Theology Compromised

Schleiermacher, Troeltsch, and the Possibility of a Sociological Theology

Reddit icon
e-mail icon
Twitter icon
Facebook icon
Google icon
LinkedIn icon
Matthew Ryan Robinson, Evan F. Kuehn
  • Lanham, MD: 
    Lexington Books/Fortress Academic
    , October
     160 pages.
     For other formats: Link to Publisher's Website.


Theological work, whatever else it may be, is always a reflection on social transformations. Not only pastors but also theologians work with the sources of the Christian traditions in one hand and a newspaper in the other. But how are we to understand the relationship between social transformations and the continuously "compromised" development of Christian ideals, as these are measured by doctrinal formulations? And how might a more deeply sociological perspective on this relationship inform theological work?

Matthew Ryan Robinson and Evan F. Kuehn approach this question, not by reconstructing a history of ideas, but rather by telling a story about the development of churches and theological institutions. They take the turbulent and dynamic ecclesiological situation of nineteenth-century Germany as a representative case, focusing on the sociological methodological orientation of Friedrich Schleiermacher and Ernst Troeltsch in the context of the rise of theological liberalism, the history of religions, and the German churches' confrontation with social and political challenges. Robinson and Kuehn then connect this orientation with the sociology of religion of Hans Joas and Niklas Luhmann, arguing for a functional focus in theological research on what doctrines do rather than what the reality behind or in any particular doctrine is.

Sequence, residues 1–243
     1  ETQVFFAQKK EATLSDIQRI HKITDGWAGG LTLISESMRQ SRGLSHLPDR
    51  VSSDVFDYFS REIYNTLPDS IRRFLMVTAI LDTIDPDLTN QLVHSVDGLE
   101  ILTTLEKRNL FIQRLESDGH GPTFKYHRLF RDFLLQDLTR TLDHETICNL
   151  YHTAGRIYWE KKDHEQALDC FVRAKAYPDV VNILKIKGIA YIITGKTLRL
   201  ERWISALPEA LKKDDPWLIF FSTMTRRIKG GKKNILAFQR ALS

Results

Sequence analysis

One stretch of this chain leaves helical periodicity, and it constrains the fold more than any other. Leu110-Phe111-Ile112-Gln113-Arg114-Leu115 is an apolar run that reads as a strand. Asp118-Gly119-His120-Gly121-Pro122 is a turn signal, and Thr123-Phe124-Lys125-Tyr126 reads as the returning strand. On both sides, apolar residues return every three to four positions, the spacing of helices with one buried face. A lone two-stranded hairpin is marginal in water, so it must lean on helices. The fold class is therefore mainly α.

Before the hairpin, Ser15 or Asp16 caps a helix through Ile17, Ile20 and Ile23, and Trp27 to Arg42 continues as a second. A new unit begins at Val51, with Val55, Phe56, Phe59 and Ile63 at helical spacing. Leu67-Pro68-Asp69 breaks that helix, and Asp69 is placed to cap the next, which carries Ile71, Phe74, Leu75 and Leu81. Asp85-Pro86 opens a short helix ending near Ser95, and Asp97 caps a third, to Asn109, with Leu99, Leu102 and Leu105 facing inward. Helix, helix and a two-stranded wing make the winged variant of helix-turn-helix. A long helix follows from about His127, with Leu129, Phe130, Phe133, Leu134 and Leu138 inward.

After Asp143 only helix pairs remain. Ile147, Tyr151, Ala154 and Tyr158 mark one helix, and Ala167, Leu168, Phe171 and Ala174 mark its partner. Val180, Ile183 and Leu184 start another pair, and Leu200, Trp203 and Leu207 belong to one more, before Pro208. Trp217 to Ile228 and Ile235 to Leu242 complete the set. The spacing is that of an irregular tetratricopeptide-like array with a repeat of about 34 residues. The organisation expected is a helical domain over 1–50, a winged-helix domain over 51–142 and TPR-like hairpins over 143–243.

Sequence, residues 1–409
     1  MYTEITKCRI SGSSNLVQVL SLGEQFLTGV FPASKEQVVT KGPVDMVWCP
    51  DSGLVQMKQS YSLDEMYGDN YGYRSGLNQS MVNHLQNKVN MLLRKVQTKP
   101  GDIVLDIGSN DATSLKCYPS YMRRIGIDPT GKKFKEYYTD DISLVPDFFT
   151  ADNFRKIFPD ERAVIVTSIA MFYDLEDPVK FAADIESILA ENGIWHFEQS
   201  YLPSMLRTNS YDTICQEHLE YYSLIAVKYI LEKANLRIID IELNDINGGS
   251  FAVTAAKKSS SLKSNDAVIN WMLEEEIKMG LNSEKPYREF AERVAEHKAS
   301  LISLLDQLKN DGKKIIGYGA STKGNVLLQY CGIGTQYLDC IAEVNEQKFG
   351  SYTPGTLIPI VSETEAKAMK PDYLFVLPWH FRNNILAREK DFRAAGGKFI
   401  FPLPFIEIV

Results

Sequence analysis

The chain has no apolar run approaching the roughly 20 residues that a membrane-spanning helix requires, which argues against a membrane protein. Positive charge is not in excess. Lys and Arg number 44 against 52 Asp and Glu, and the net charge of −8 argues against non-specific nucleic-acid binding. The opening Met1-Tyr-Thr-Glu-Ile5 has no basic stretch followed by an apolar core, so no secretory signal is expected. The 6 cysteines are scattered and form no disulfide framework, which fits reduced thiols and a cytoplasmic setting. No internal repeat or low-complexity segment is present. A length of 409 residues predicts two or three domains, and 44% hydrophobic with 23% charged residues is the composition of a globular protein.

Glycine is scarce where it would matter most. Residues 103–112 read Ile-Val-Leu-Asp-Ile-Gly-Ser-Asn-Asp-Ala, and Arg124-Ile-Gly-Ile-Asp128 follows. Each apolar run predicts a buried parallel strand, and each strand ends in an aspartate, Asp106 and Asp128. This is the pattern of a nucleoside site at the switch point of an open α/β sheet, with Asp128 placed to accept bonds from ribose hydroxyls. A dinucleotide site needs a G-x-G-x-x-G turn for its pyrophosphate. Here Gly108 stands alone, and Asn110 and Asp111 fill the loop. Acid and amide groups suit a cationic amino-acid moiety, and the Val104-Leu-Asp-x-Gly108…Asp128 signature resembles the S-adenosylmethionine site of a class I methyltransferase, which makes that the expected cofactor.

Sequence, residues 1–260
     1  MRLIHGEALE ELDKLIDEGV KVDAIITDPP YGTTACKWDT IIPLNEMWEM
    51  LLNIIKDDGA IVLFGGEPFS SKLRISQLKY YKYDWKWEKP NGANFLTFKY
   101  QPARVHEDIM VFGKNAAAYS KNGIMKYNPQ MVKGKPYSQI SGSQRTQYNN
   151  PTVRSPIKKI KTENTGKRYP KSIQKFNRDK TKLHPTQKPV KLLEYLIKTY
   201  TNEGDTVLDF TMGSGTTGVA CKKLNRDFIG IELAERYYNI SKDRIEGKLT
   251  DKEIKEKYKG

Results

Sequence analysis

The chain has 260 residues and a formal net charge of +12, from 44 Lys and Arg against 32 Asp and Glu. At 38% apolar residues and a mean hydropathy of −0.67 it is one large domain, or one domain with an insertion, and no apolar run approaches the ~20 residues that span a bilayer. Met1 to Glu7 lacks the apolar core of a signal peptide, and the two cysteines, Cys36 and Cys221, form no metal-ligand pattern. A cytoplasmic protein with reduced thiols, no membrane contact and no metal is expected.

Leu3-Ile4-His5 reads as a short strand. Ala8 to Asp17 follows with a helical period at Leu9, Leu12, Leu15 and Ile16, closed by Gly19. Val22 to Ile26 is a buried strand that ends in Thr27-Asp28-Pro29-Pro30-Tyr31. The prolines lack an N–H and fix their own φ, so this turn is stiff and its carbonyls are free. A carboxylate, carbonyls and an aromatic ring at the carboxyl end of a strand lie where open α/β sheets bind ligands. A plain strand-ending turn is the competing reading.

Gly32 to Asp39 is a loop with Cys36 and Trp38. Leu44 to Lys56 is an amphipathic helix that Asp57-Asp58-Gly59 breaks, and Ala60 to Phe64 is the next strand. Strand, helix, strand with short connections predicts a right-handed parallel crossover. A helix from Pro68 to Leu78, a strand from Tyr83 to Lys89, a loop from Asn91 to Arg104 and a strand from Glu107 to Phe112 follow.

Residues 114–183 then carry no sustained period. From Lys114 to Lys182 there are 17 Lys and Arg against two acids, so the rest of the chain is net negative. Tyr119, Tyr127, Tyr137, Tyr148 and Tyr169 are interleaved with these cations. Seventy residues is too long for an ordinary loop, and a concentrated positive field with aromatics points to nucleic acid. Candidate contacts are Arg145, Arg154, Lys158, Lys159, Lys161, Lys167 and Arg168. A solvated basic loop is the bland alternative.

About the Author(s)/Editor(s)/Translator(s): 

Matthew Ryan Robinson is a research associate in the Protestant Theological Faculty of Friedrich Wilhelm University of Bonn.

Evan F. Kuehn is theological librarian and adjunct lecturer in philosophy at Trinity International University.


Reading Religion welcomes comments from AAR members, and you may leave a comment below by logging in with your AAR Member ID and password. Please read our policy on commenting.